Meeting the challenge of 2050 is already top of the sector's agenda, and is likely to be in clear focus for the new government too. In February, at the Future Networks and Future of Heat conferences, the sector will have the chance to debate its response and the path ahead.
February brings twin conferences for the sector: the Future Networks event on 25 February, followed by the Future of Heat on 26 February. The events will allow the sector to debate its response to the huge challenges it faces: the net-zero by 2050 target, combined with the additional pressure it has created ahead of the RIIO-2 regime, then the abandonment of natural gas and heat decarbonisation.
Speaker David Watson, director of group strategic planning at Centrica, says the event will be about the "exchange of ideas". He tells Network: "No-one has a monopoly on the truth right now - it's through discussion, debate and dialogue at events like these that the answer will be found."
Watson also says that the government's net-zero commitment has been a game-changer. "It makes it clear that all sectors, and all users of heat must decarbonise. Beforehand, with an 80 per cent target, it was possible for some areas of the economy to assume they were in ‘the 20 per cent'. Now everyone knows they need to take action, it focuses the mind on solutions."
Programme for the future
The Future Networks conference has a high calibre speaker list, including Akshay Kaul, director of network price controls, Ofgem; Frank Mitchell, chief executive at Scottish Power Energy Networks; Helen Boyle, strategic decarbonisation manager at Electricity Northwest, Rob McDonald, managing director of transmission at SSEN.
The day's agenda will address achieving the "extra 20 per cent" of the 2050 target in a tight price control environment; the regionalisation and localisation of energy systems; and the growing importance of data and smart systems in network management.
Speaker Chris Clarke, energy systems director at Wales and West Utilities, will discuss the changing role of the gas network as it becomes an "energy battery". A panel including speakers from National Grid, Northern Ireland's NIE Networks, Western Power Distribution and Keele University will discuss the sector's progress in establishing a smart, flexible energy system, and the implications of low-carbon transport.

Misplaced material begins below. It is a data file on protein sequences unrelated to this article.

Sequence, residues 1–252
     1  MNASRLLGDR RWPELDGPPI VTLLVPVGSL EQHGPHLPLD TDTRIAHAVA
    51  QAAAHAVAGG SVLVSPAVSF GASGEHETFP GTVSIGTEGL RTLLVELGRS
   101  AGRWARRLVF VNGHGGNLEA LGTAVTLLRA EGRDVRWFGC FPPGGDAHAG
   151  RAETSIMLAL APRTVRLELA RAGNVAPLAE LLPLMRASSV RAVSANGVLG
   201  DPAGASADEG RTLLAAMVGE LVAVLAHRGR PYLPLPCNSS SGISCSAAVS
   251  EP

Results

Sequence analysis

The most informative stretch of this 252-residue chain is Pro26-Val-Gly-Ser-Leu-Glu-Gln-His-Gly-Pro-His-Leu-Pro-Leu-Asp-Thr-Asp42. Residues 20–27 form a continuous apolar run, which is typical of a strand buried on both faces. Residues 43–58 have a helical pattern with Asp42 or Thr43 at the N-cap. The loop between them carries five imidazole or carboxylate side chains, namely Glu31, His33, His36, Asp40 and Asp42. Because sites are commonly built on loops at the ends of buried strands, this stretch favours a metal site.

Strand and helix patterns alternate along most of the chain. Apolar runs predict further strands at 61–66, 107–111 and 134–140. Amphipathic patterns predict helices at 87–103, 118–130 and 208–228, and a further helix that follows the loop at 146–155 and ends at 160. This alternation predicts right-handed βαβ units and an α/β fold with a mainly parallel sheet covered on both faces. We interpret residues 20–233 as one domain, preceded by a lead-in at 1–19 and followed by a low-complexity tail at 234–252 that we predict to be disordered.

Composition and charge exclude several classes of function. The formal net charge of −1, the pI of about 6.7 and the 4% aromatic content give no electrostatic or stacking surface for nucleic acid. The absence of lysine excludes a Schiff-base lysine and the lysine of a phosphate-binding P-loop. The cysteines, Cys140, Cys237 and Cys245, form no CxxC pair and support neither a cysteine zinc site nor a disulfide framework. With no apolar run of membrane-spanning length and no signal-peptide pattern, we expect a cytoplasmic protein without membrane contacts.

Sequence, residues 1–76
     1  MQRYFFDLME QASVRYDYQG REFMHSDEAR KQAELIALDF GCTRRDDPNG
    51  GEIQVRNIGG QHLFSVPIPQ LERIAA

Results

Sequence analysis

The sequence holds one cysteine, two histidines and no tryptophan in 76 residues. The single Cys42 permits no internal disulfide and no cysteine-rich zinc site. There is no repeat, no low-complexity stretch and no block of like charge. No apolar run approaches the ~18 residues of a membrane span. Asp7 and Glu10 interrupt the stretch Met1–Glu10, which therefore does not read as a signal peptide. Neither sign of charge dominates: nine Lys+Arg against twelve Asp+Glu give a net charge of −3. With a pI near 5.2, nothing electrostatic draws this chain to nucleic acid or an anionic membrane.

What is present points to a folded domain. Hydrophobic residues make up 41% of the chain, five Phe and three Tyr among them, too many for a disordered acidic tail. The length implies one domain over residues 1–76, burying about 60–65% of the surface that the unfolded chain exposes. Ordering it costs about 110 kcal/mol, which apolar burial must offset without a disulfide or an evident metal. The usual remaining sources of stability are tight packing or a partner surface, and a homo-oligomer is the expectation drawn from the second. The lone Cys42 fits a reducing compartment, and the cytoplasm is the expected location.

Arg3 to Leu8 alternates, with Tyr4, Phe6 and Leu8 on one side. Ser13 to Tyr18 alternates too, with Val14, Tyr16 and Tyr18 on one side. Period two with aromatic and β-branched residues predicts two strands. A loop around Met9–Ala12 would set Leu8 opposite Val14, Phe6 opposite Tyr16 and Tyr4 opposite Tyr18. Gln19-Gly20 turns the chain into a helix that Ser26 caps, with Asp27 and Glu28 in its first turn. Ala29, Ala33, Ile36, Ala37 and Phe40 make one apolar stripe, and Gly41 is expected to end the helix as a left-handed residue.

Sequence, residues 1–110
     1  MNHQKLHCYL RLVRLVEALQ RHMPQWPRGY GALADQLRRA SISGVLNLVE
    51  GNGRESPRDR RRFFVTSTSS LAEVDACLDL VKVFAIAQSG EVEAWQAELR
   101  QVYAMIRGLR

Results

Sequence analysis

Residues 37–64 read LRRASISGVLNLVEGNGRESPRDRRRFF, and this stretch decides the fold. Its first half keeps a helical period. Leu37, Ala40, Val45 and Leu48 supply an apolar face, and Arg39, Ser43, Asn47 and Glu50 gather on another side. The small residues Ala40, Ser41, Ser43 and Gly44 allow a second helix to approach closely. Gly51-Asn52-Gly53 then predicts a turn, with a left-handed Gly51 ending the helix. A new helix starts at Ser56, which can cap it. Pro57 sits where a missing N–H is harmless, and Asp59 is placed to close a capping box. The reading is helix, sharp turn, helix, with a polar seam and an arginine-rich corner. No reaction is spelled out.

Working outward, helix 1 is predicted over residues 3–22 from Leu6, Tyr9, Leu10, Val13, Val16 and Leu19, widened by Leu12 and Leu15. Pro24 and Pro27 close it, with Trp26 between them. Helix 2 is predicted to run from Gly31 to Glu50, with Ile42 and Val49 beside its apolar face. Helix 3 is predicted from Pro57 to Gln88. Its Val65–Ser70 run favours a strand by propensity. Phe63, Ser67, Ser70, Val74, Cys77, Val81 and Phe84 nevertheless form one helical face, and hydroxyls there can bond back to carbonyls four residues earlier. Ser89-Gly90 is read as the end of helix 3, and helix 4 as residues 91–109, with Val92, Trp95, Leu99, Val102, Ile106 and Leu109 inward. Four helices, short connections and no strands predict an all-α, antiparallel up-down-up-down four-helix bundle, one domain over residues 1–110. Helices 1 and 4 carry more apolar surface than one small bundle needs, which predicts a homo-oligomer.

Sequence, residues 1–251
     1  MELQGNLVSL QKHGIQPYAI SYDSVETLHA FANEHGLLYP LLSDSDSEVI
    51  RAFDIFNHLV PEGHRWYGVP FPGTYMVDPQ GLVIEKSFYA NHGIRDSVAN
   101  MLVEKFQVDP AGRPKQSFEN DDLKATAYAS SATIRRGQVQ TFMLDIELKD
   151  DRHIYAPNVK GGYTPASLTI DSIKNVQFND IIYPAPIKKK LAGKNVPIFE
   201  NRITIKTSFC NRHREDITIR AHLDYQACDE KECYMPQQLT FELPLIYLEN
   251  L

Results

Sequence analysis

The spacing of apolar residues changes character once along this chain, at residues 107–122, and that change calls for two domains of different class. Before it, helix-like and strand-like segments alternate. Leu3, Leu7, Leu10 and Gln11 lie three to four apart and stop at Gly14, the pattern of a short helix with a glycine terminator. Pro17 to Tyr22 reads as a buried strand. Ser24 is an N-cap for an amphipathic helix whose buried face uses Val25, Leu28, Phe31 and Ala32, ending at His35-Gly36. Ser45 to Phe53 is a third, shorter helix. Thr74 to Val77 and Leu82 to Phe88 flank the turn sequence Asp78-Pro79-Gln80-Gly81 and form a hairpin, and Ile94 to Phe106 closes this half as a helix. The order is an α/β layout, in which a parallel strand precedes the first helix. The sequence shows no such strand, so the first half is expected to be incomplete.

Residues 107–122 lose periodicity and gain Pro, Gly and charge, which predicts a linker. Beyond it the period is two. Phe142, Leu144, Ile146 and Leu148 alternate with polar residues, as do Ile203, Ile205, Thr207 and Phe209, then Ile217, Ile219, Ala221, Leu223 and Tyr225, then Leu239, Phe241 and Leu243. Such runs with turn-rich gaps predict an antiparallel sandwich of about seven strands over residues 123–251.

The next day, at the Future of Heat event covers the full range of decarbonisation strategies, including biomethane production, heat pumps, heat storage solutions, and how regulation can help to facilitate market development. Speakers will include experts from National Grid, SSE and E.On, as well as academia, government and the key representative bodies.
Speaker Dr Tom Knowland, head of sustainable energy and climate change at Leeds City Council will be sharing an update on Leeds' own heat networks programme. As with its fellow energy innovator, Bristol City Council (see page 18), Leeds is highlighting the social justice aspect of reforming heat markets, and reducing fuel poverty.
The event will also share an international awareness: the UK isn't facing this challenge alone. Knowland draws inspiration from Scandinavia, while Watson says that the Netherlands provides valuable templates.
"No one has a monopoly on the truth right now - it's through discussion, debate and dialogue at events like these that the answer will be found.
David Watson, Centrica
Hydrogen in the mix
Hydrogen will be on the agenda with a presentation from Edward Syson, chief safety and strategy officer at Cadent Gas, on the logistics of setting up localised hydrogen networks and a "whole systems" approach.
Delegates will also hear from Tim Harwood, director of the H21 programme at Northern Gas Networks, and Joe Howe, executive director of the Thornton Energy Research Institute, on the practical implications of a large-scale hydrogen switchover.
Matt Hindle of the Energy Networks Association will discuss its "Gas Decarbonisation Pathways Project", which set out the ENA's own routemap to net-zero heat decarbonisation.
The conference will also see a focus on housing - domestic emissions from around 23 million homes contribute around 17 per cent to the UK's total. Social landlord Clarion Housing Group will present on large-scale retrofit programmes, and progress decarbonisation in a policy vacuum.
Speaker Richard Baker from investment house Iona Capital will discuss scaling up the production of biomethane in the UK, and what will happen when the government's Renewable Heat Incentive subsidies are withdrawn.
Ground rules for 2020
February will either see the new government getting into its stride, or the after-effects of an indecisive election and a hung parliament. In either case, it is likely to be an optimum time to influence programmes, policy development and indeed hearts and minds. The conference is set to be an ideal opportunity to hold vital discussions on a key question.